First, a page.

24 Hour Library

A Library Blog by Abby Hargreaves

Tag: graphic novels

Abby Reads: Snow White by Matt Phelan

Snow White: A Graphic Novel by Matt Phelan
Candlewick Press, 2016, 216 pages
Graphic Novel Retelling

In 1920s New York City, Samantha “Snow” White is suddenly without a mother but living the financial high life with her father. When the Queen of the Ziegfeld Follies catches Snow’s father’s eye, Snow’s life changes pretty quickly. For a time, she is sent away. And when an inheritance becomes available, Image result for snow white phelanthe Queen will do whatever she can to get the lion’s share — including hire a murderer for Snow. Following the traditional plot of the classic “Snow White” fairy tale, Matt Phelan provides both the story and art for Snow White: A Graphic Novel with a twist in setting and circumstance.

Phelan’s take on “Snow White” is excellent. A writer must have a reason, generally speaking, to cast an old favorite in a new setting, and Phelan succeeds fantastically here with his Roaring Twenties look at “Snow White.” The new setting allows for great commentary on poverty and wealth while adding a huge potential for aesthetics, of which Phelan takes great advantage. As both writer and illustrator, Phelan mixes both arts well. His illustrations are truly lovely things to examine with a sketchy, noir, watercolor style tinged with just the right touch of magic and arresting splashes of color where it best serves him.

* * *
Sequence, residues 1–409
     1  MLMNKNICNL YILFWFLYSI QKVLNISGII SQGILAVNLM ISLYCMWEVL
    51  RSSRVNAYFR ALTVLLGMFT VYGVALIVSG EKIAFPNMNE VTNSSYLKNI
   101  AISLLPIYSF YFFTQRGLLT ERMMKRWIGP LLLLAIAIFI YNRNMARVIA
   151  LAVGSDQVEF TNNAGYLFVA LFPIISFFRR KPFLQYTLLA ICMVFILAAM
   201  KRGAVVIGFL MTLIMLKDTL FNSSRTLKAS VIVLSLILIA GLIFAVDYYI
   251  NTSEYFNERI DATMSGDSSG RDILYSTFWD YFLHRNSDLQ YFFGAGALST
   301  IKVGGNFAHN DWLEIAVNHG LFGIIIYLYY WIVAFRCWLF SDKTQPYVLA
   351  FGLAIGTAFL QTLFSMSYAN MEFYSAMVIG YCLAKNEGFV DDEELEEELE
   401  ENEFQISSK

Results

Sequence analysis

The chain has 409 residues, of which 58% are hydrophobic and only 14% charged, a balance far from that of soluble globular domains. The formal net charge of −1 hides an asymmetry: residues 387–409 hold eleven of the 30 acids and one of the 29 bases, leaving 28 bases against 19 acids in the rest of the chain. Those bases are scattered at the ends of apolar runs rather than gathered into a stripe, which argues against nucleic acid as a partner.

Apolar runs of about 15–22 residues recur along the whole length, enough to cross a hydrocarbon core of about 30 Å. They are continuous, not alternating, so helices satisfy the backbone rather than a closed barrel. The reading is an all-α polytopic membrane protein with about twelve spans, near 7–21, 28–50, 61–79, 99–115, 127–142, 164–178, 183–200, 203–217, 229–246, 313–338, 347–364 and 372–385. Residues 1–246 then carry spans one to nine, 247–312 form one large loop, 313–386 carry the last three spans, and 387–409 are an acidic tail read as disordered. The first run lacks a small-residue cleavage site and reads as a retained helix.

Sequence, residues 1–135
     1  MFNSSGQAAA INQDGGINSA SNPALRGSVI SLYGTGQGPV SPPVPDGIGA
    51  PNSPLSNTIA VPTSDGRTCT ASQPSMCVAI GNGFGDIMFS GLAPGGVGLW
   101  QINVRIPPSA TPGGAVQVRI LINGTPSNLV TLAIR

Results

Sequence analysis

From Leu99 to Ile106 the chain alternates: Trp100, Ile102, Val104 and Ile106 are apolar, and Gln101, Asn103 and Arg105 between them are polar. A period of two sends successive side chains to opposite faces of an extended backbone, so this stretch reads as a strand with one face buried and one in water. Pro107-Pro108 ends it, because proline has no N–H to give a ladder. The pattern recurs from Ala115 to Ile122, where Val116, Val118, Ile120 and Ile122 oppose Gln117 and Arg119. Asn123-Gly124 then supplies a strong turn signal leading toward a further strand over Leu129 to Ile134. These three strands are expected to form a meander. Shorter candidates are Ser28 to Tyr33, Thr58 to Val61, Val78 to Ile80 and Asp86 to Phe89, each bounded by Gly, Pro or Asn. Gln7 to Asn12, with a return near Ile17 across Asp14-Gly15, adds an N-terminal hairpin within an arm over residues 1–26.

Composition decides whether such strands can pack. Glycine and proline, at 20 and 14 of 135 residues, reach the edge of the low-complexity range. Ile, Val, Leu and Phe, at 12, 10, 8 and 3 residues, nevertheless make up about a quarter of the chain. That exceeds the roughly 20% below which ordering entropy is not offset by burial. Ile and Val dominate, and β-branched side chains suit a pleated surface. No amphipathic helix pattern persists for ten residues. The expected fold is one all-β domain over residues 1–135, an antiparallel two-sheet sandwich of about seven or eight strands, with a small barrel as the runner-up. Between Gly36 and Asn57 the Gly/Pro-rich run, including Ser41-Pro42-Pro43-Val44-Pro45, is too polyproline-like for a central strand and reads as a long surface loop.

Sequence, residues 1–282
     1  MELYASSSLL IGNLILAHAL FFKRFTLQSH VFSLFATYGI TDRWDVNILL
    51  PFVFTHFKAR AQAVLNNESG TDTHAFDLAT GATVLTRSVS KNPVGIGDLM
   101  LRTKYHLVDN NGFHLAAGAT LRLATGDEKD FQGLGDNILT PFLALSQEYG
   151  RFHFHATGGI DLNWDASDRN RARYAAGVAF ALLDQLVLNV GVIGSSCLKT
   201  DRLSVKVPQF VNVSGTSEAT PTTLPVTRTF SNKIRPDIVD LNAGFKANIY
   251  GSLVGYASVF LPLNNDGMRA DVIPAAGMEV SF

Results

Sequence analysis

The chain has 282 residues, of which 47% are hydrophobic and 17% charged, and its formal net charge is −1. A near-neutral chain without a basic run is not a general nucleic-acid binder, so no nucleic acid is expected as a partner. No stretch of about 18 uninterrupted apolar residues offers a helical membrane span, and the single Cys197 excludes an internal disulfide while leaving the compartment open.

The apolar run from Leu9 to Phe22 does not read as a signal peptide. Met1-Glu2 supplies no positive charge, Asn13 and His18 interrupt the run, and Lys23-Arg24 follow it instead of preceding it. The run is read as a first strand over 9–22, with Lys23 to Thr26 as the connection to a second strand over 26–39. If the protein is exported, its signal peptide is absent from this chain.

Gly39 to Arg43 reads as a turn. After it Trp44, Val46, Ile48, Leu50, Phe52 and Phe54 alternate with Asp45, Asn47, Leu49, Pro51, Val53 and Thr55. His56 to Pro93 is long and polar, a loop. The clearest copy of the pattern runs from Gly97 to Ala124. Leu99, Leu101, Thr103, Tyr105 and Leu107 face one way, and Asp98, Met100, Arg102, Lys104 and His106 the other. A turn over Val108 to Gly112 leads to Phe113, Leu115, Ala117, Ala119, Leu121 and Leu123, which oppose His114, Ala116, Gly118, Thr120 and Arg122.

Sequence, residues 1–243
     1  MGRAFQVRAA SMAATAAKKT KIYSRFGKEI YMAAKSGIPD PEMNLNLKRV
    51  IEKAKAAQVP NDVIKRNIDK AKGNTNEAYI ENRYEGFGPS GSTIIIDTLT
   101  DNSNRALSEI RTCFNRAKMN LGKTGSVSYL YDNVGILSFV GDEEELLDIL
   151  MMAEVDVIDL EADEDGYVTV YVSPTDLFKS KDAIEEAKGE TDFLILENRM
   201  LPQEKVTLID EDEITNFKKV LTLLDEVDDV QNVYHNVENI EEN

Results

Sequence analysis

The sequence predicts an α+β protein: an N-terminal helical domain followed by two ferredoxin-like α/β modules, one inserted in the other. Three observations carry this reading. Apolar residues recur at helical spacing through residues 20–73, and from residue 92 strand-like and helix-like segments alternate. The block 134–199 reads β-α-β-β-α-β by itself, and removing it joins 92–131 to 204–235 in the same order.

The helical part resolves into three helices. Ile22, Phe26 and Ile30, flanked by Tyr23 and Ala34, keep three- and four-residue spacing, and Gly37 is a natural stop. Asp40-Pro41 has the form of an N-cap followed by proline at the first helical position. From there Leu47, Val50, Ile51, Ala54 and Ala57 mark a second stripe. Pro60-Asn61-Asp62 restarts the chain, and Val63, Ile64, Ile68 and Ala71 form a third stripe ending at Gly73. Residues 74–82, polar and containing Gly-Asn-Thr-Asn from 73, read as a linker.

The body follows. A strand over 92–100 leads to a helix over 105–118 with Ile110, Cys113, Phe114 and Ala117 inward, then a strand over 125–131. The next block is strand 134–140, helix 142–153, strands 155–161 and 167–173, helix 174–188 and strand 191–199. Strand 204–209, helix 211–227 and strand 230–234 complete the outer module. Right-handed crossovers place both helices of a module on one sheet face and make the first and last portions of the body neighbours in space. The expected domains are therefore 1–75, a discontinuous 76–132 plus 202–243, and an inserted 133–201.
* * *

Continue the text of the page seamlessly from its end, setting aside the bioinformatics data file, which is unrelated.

While the text is quite sparse, the images of the graphic novel carry the story well, even in more nuanced moments. Exact facial expressions and implications throughout the text help to develop characters in specific ways that can’t be translated through text. Although the Queen is an antagonistic character, even with the spare text, her personality and motivation are well-developed, allowing readers not necessarily to sympathize, but to certainly understand her position. With the backdrop of the Great Depression, the Queen’s desire for a large financial net — particularly as someone who works as a performer — is attractive, and it’s well illustrated through Phelan’s story even without spelling it out. Phelan’s one shortcoming with his art style is an occasional tendency to draw too much chaos into an image, making it unclear exactly what has happened from one pane to the next. Often, the surrounding work is enough to clarify, but on occasion, scenes of violence are difficult to follow.